“Everything just happened so quickly,” he said. “And I’m not trying to gloss over this. I’ve seen one other time (in 21 years as a firefighter) when there was a fire tornado like this. ... It definitely roared through there with a vengeance.”
Despite the ferocity of the fire, the lack of advance notice has left some residents frustrated.
Donald Kewley, a family friend of Melody Bledsoe’s, who died in the fire with her two grandchildren, said he believed evacuation orders could have been given sooner when it became clear the fire was moving toward the city limits. He said he watched the fire approach the river for hours from the roof of his house a few miles from the Bledsoe property before it jumped across, but he never received an alert of any type. He decided to leave when the smoke got so bad a baby woodpecker fell out of the sky at his feet.
“By six o’clock (when the fire was close), the fact that anyone was out there was just not fair,” Kewley said.
Freeman, who lives three houses down from the Bledsoe home and up the hill from Harlan Drive, said she also didn’t receive an alert and thinks she should have. She thinks authorities may have been tentative about issuing warnings. Earlier in the day, an erroneous evacuation order had been sent out, she said. She believes there may have been a hesitancy to make another mistake.
“I think they really waited too long because they were afraid of making a bad call,” Freeman said.
Wireless Emergency Alerts also are hampered by outdated technology. Not all wireless carriers can send them, and not all phones are set to receive them.
In 2016, the Federal Communications Commission adopted new rules meant to upgrade the system by allowing for longer messages and requiring cell phone carriers to provide the infrastructure to support extra information like embedded links in the alert, among other changes. Some critics of the system said the industry has been too slow to make improvements.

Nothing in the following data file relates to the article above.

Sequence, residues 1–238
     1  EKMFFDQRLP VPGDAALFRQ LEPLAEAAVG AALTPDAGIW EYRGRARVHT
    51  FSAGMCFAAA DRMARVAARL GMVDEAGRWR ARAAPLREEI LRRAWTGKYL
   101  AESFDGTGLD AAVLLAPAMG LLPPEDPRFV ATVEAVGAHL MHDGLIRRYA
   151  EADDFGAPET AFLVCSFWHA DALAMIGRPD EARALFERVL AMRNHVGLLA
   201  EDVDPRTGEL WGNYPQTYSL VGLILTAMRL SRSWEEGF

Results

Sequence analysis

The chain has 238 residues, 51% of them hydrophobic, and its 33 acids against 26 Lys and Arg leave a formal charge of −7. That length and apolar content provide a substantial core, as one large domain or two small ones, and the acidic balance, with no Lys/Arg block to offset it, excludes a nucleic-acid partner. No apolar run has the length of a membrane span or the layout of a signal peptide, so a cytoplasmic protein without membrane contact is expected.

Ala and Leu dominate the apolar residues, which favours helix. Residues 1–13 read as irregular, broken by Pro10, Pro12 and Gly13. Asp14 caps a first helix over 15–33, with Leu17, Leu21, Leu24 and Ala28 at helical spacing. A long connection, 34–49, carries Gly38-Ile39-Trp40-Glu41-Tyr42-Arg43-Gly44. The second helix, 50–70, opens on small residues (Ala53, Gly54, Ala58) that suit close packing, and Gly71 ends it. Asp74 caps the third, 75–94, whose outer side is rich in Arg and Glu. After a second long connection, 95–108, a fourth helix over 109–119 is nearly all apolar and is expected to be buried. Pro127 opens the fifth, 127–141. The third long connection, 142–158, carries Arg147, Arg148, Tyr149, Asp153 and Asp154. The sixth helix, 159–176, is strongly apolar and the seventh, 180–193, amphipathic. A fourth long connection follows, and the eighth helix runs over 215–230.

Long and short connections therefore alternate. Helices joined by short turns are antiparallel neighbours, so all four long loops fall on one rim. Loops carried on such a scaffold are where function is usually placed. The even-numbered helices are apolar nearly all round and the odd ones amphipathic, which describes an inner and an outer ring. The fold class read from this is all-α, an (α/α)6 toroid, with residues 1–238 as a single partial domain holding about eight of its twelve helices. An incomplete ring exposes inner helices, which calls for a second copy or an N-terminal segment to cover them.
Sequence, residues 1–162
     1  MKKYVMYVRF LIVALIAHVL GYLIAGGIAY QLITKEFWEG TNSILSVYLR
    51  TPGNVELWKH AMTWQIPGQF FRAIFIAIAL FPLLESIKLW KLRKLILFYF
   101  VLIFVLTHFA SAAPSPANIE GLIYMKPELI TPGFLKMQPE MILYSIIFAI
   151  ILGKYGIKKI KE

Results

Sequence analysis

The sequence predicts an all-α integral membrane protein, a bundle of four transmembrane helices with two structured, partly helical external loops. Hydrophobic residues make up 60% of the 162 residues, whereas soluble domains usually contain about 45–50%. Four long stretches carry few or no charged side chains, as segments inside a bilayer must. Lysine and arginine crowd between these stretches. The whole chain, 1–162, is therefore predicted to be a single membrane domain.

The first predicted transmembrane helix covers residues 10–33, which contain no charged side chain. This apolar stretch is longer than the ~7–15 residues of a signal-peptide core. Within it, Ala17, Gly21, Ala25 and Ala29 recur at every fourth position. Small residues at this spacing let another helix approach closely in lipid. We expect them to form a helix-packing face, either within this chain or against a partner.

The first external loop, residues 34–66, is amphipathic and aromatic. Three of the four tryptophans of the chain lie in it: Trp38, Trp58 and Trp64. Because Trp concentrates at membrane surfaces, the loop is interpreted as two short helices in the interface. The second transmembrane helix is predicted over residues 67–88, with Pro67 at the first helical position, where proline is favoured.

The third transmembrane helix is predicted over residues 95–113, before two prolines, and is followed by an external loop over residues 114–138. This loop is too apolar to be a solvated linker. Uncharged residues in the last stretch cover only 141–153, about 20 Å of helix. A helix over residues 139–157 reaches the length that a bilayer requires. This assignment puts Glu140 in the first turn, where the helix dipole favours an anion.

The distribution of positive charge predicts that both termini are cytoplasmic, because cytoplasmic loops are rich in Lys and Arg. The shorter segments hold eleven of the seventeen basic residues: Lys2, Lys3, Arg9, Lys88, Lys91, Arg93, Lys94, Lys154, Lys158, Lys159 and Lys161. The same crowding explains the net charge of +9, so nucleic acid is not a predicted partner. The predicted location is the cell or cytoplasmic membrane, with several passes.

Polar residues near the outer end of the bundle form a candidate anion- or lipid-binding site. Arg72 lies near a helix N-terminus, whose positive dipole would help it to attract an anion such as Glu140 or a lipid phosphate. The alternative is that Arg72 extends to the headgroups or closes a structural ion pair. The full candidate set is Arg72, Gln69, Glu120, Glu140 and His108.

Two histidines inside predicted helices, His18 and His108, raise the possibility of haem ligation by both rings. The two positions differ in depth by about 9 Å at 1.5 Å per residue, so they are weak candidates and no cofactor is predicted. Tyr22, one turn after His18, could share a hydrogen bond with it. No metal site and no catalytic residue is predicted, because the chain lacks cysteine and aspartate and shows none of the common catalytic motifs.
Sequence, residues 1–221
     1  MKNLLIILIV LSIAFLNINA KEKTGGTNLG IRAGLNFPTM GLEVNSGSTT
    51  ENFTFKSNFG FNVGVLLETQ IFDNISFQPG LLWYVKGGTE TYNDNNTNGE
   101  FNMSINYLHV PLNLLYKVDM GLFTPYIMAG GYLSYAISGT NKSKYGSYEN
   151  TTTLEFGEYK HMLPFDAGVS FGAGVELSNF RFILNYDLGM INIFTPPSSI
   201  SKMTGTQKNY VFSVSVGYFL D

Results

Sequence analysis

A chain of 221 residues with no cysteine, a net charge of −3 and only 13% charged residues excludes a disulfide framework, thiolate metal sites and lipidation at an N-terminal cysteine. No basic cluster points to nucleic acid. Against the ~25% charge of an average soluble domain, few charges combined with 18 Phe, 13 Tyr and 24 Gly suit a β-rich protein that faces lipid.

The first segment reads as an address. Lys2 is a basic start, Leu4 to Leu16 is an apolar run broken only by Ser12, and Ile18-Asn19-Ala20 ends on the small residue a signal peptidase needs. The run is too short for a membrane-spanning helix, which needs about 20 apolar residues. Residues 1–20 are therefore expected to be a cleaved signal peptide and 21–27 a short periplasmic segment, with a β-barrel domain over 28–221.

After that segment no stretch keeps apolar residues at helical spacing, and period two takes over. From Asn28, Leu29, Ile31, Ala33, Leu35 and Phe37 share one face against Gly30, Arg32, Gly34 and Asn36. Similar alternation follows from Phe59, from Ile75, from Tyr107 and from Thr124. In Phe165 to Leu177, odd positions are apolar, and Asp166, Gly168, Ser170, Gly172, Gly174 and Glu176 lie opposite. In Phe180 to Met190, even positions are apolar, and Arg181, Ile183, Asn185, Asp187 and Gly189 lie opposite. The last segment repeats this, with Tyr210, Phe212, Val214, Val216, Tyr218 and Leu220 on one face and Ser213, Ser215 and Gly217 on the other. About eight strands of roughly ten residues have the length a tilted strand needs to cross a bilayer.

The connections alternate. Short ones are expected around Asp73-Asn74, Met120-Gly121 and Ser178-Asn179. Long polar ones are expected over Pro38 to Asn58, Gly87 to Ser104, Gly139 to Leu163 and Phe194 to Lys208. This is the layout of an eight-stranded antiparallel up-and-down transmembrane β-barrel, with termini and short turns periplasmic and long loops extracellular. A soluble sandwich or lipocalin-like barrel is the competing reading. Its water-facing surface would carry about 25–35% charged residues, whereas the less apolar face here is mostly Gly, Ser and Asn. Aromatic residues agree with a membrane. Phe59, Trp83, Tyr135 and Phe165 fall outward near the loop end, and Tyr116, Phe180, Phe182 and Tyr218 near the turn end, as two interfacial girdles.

“Some of it is there is no financial benefits,” said Bryant, the rural emergency management expert.
Wireless trade group Cellular Telecommunications Industry Association disputes carriers aren’t working to better WEAs.
“The wireless industry works hard to continuously enhance this proven life-saving tool, most recently supporting the ability to embed links to public safety websites,” Matt Gerst, a regulatory affairs executive with CTIA, said in a statement.
The FCC rules also require participating wireless providers to make the alerts more geographically targeted, giving emergency communicators the ability to send alerts to only those in an affected area. When the system first came online in 2012, alerts could only be delivered to entire counties, forcing emergency communicators to choose between sending broad messages to people who weren’t in danger and potentially causing unnecessary evacuations or fear — or not sending a message at all.
Last November, FCC rules narrowed the alerts to a geographic area that “best approximates” the zone in crisis. But that is still imprecise. The alerts are sent to specific cell towers, which then broadcast them out to any phone in a given radius, again likely including people not in immediate danger and potentially causing traffic jams, panic or leaving some residents too fatigued to react from unnecessary alerts.